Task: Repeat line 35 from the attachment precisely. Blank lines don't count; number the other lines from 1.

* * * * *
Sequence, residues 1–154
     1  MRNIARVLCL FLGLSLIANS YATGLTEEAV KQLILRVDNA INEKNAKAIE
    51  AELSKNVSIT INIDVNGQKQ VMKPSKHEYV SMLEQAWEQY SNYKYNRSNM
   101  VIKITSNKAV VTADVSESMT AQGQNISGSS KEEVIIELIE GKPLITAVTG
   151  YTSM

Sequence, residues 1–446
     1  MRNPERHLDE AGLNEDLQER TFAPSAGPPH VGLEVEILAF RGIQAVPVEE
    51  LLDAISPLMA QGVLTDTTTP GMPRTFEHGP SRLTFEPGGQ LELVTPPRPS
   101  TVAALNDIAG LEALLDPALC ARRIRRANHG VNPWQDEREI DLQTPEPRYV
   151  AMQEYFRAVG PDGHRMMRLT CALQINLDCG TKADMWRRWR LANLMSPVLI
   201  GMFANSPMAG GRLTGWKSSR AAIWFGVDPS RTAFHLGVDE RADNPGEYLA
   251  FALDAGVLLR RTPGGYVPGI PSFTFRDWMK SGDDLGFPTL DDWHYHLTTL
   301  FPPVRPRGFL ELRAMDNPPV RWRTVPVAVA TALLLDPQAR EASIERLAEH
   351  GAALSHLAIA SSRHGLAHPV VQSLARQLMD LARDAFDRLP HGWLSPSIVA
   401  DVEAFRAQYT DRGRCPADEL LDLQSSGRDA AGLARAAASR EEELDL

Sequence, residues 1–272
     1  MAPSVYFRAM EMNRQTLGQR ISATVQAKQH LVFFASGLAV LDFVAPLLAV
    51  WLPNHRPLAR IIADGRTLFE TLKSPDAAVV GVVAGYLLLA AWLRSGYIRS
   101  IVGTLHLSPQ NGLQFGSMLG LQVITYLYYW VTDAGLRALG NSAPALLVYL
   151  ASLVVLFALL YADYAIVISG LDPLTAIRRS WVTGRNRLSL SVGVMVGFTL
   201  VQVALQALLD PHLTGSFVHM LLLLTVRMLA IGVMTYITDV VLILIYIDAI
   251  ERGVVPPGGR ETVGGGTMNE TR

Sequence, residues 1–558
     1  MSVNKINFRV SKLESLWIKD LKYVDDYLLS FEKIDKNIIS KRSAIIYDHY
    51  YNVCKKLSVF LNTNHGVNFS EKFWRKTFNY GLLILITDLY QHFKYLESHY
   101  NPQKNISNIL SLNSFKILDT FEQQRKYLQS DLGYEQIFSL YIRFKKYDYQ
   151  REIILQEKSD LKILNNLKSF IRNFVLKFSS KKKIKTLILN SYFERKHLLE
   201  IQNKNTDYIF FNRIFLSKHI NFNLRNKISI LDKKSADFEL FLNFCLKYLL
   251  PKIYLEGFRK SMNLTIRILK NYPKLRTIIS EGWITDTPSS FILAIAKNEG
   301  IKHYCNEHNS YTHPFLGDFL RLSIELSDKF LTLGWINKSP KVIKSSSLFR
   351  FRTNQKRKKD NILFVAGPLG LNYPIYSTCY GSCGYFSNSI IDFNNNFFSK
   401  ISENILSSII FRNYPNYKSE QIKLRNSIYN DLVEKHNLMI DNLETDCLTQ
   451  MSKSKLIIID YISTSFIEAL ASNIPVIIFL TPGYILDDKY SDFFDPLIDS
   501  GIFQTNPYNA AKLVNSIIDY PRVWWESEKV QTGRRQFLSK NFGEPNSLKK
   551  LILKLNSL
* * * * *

   551  LILKLNSL